Inclusion and Outreach

A key area on which we hope to refocus our attention and resources in the coming year is in making further progress on Black inclusion and increased gender diversity at our conferences and in our communities. As part of the statement on Racism and Black, African-American, and African Diaspora Inclusion that USENIX published in 2020, we committed to increase USENIX's representation of Black people among our conference organizers, presenters, and attendees; campus representatives at HBCUs; and USENIX staff and Board members. 

In the last year, USENIX has focused on areas where we have the agency to solicit change, including:

  • ensuring that every conference invites Black speakers/authors to present,

  • ensuring that every conference has Black representatives on the list of program committee candidates, and

  • offering conference grants specifically for Black students at all of our conferences. 12 grants were awarded, partially funded by corporate sponsorship and the balance financed by USENIX.

Additionally, our Development/Grants Program Manager and Community Engagement Manager have collaborated on targeted outreach to HBCUs, as well as allied organizations focused on women, Black, Indigenous, and LGBTQ+ STEM students, to raise awareness of grant opportunities and open calls for papers and participation. For the majority of our 2022 events, our Development and Sales team secured 2.5x more grant funding than the previous year.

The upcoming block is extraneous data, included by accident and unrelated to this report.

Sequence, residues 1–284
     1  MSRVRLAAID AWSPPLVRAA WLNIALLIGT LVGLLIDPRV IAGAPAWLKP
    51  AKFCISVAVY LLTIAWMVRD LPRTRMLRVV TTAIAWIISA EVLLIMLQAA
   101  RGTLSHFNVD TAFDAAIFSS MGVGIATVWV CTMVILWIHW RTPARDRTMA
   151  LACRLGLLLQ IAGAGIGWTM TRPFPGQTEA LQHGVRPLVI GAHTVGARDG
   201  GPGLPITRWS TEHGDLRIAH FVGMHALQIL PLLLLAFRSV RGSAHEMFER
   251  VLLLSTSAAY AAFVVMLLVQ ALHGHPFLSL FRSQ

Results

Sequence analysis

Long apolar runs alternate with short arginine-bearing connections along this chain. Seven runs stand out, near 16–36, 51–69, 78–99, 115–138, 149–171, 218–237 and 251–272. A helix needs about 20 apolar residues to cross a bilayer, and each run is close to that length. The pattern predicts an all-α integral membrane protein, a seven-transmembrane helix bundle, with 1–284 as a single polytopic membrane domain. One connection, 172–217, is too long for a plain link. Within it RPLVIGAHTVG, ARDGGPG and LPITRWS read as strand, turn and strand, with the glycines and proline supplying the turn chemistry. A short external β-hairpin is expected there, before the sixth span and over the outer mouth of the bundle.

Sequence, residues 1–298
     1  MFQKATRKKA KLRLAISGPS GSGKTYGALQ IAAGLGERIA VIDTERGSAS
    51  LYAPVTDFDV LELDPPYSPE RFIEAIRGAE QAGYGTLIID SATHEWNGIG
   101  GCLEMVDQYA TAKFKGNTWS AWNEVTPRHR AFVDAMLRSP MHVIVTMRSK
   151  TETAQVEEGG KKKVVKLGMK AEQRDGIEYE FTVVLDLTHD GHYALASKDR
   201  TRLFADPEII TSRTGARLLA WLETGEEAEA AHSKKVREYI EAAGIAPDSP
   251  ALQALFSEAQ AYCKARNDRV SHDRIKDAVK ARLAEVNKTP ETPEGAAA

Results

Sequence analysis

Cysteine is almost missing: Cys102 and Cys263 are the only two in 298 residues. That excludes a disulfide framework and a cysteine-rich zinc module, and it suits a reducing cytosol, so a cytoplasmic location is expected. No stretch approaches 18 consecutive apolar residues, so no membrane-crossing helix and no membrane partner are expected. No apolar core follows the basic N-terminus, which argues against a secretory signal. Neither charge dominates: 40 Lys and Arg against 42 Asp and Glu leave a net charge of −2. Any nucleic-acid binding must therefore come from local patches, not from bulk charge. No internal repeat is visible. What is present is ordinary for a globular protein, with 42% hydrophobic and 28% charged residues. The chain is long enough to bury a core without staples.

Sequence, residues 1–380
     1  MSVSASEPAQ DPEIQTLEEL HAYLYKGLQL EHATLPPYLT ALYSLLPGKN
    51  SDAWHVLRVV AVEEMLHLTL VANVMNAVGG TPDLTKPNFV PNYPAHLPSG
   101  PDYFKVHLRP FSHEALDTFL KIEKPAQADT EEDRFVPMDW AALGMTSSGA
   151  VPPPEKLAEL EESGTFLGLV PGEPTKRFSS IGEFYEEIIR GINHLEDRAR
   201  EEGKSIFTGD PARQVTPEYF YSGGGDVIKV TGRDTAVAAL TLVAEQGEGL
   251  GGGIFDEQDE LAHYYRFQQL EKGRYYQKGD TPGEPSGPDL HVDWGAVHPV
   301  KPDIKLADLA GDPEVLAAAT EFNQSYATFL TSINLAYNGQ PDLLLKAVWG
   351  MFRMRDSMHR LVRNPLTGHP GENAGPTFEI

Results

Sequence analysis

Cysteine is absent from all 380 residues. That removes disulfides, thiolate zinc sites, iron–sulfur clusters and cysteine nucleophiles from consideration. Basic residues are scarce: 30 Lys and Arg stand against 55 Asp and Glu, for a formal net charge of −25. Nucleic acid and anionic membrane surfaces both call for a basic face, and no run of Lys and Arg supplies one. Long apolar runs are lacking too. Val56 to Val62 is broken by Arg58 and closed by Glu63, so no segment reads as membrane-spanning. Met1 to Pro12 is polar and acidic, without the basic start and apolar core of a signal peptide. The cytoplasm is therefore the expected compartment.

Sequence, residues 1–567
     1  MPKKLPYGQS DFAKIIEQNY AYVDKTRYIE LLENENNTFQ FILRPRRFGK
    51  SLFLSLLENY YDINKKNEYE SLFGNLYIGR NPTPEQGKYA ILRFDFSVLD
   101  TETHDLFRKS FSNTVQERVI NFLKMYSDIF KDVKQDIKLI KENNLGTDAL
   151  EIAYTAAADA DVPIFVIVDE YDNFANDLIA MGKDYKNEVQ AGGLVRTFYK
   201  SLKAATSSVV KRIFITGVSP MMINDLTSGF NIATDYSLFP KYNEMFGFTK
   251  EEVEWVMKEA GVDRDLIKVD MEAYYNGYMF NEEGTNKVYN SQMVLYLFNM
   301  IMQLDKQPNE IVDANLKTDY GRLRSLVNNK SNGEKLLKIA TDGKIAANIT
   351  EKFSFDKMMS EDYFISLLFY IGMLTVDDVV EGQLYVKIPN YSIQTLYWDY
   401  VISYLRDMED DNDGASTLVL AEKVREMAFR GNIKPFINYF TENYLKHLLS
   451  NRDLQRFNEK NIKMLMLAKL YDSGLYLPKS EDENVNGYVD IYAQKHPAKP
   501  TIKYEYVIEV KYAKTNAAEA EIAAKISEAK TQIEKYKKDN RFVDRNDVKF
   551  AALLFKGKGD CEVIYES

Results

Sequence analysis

Looking ahead, we understand the need to bolster these communities beyond offering financial support, and we're committed to adding activities such as gatherings of allies and members of underrepresented and historically marginalized groups that are focused on supporting early-stage career development and cultivating an atmosphere of diversity and inclusion. Additionally, we plan to continue to offer remote presentation capabilities, increasing inclusion and accessibility for those who may be unable to travel or attend our event in person due to country or health restrictions.

Staffing and Volunteers

After our 25 percent staff reduction in 2020, our remaining staff aligned around supporting the production of virtual events throughout 2021. Our return to in-person events in 2022 would require increased staffing to help address areas we were able to identify as priorities while understaffed the prior year.